The Watch Makes The Man: James Bond and His Rolex
“Bond surveyed his weapons. They were only his hands and feet, his Gillette razor and his wrist-watch, a heavy Rolex Oyster Perpetual on an expanding metal bracelet. Used properly, these could be turned into most effective knuckledusters.” – Ian Fleming, On Her Majesty’s Secret Service, 1963
Trapped in a mountaintop fortress, his cover blown and the only way out a daring midnight descent on stolen skis, agent 007 has to first get past a burly guard. For all the fantastic Q Branch gadgets that pervade two dozen Bond films for the next fifty years, in Ian Fleming’s On Her Majesty’s Secret Service, James Bond turns to a decidedly ordinary one—his watch—to facilitate his bold escape. They say you can tell a lot about a man by the company he keeps or car he drives. But the same can be said about the watch he wears.
Although there is scarce mention of Bond’s watch in any of Fleming’s novels, the few lines from On Her Majesty’s Secret Service have provided enough clues to identify it. While the first Bond films put a Submariner dive watch on his wrist, according to historian Dell Deaton, it was actually an Oyster Perpetual Explorer, reference 1016, that Fleming intended, inspired by the author’s own 1960 version. Fleming was a former Navy intelligence officer and much of his own experiences found their way into his novels. So it’s not a stretch to postulate that when outfitting Bond for his 1963 novel, he glanced at his own wrist while typing.
The Explorer of that era was the most elemental of Rolexes, lacking even a date. With a screw-in crown, Oyster case and steel bracelet, it looks as utilitarian as a hammer. Or a Walther PPK pistol. It was built to tell time accurately, even in adverse conditions, all the while staying unobtrusive on the wrist befitting the clandestine work a spy must do. The Rolex of the mid-20th century was a company building tough watches designed for specific purposes, not the baubles of the nouveau riche many think of today. Pan Am pilots, Royal Navy divers, nuclear scientists, and mountaineers all wore these watches not for the name on the dial but because they worked well in harsh conditions. Indubitably, this was the reason behind Fleming’s choice for his tough hero. A Rolex conveyed a no-nonsense virility and functionality. It was the best tool for the job, even if that job meant destroying the watch.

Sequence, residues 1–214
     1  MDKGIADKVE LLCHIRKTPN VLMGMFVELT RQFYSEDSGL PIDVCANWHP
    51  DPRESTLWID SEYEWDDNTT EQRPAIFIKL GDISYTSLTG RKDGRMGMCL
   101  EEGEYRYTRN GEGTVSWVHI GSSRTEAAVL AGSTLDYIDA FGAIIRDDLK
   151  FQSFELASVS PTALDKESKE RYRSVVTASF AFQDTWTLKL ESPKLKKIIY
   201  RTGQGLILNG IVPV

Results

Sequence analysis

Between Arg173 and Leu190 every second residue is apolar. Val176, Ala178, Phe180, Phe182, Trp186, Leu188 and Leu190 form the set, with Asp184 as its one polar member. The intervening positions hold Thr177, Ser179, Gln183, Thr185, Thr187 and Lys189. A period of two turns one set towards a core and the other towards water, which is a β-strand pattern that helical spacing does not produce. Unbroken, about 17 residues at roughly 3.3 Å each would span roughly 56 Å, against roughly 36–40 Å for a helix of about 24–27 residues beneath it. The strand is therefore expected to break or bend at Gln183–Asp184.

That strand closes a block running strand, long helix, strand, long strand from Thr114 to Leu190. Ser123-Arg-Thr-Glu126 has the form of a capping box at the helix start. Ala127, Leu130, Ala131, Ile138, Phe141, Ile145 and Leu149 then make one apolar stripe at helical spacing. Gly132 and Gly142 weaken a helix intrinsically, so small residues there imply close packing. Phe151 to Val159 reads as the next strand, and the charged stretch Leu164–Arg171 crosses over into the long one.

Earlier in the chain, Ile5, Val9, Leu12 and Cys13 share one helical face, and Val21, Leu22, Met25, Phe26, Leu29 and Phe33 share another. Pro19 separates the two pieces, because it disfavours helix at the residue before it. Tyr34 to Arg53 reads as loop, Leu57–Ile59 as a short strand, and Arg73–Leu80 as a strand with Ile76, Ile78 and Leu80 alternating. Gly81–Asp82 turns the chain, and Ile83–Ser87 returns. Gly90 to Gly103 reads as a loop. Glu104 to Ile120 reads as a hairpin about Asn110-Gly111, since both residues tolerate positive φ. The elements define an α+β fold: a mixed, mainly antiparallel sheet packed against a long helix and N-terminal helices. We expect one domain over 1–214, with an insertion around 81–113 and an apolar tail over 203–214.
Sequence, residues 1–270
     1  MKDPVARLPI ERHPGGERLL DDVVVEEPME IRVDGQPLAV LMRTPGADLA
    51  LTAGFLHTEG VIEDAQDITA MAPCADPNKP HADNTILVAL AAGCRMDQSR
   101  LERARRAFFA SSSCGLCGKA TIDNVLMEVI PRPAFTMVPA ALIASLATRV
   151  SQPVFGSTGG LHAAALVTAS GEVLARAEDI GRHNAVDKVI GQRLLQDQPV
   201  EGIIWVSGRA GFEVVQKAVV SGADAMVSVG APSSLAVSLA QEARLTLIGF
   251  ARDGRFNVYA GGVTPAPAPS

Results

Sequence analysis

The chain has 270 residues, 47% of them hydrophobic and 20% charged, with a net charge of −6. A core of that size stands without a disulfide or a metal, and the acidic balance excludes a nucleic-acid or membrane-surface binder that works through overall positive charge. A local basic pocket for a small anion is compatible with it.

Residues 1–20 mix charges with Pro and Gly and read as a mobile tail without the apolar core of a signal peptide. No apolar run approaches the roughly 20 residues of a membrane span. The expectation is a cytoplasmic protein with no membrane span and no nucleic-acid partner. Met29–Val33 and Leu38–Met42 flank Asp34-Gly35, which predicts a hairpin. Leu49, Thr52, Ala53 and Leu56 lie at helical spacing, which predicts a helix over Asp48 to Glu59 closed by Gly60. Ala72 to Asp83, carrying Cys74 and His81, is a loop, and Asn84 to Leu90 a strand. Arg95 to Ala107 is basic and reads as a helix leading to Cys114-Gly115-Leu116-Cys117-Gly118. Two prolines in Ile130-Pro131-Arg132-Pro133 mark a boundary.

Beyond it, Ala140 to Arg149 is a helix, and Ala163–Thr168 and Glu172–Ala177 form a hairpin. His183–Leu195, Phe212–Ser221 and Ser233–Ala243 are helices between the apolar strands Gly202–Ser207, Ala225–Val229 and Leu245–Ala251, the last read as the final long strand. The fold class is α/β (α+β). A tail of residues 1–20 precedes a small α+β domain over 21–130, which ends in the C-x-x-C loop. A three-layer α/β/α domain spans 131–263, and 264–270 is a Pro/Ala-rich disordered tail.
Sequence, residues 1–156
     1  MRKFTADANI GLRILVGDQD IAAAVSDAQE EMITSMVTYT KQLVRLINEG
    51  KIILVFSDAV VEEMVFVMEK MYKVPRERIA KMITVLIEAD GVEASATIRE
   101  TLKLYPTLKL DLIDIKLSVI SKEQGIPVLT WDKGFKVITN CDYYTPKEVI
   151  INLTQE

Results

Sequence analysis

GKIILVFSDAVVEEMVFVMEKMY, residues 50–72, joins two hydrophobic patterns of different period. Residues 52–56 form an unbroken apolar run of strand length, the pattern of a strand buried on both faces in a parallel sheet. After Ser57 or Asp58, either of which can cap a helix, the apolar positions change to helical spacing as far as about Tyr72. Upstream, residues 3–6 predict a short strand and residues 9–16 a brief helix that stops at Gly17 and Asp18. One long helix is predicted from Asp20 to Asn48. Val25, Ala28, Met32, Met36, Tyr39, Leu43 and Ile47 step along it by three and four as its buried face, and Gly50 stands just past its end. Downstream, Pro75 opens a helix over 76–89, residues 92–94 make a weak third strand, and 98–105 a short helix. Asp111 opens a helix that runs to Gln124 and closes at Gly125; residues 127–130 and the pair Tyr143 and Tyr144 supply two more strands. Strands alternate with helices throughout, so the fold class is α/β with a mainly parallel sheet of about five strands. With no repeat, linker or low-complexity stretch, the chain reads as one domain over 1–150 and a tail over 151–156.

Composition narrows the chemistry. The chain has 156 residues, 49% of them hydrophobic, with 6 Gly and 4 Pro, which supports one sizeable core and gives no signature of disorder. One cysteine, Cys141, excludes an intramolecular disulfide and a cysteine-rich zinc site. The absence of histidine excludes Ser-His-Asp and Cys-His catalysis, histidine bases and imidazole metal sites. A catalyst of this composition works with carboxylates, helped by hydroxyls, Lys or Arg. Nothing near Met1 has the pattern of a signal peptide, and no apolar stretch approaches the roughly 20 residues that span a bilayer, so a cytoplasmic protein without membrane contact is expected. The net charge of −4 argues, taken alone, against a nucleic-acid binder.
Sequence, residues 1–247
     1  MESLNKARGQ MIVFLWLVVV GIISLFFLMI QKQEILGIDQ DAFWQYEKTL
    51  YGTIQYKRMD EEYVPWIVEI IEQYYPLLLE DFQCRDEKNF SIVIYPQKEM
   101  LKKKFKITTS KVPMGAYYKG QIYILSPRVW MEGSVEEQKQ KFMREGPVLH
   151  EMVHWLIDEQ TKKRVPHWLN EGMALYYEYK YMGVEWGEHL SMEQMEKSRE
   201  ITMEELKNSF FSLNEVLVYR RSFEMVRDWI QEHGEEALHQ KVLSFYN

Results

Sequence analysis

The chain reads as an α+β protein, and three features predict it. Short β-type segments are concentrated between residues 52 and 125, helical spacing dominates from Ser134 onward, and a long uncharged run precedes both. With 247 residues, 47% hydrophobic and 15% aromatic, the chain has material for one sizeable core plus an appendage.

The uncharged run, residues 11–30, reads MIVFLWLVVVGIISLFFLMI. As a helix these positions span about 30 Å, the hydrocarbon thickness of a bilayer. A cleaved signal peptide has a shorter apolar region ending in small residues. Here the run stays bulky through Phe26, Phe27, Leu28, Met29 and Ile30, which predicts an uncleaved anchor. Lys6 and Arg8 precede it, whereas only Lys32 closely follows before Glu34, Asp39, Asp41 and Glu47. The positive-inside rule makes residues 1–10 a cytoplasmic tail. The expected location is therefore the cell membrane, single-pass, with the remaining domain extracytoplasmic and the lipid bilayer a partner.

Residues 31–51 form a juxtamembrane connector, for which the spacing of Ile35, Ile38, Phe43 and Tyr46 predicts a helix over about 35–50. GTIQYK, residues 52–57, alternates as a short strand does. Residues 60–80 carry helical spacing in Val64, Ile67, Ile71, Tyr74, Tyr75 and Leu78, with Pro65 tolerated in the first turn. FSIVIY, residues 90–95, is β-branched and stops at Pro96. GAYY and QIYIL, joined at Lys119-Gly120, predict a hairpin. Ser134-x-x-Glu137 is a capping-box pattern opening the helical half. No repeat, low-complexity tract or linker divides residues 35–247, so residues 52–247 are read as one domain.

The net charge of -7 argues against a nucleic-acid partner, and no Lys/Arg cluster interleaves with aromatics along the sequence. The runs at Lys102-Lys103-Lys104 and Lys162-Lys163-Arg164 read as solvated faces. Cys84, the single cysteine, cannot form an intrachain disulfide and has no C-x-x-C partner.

“Bond’s right flashed out and the face of the Rolex disintegrated against the man’s jaw.”
Even more than his clothes or his car, both of which changed depending on his assignment, Bond would obviously wear his watch constantly. But make no mistake, unlike those of us who get attached to our watches, in the spy game there’s no room for sentimentality, and attachment could bring dangerous compromise. For Bond it was a tool, nothing more.
“Bond lifted his left wrist. Remembered that he no longer had a watch… He would get another one as soon as the shops opened after Boxing Day. Another Rolex? Probably. They were on the heavy side, but they worked. And at least you could see the time in the dark with those big phosphorus numerals.”
We never do find out which Rolex Bond buys after Boxing Day. Perhaps he decides to change things up and buy that Submariner with the big crown and rotating bezel. As a diver, it could be useful. Fleming leaves us hanging near the end of On Her Majesty’s Secret Service and a Rolex never appears in a Fleming/Bond novel again. The next time we see one on 007’s wrist is in the first movie, Dr. No where Sean Connery dons his iconic reference 6538 Submariner. Fleming was on set for some of the filming of that movie and perhaps had some influence on the clothing and accessories of his hero. He would have certainly approved of Bond’s choice of the Submariner–a former naval officer and man of action wearing what would soon become the 20th century’s definitive sports watch.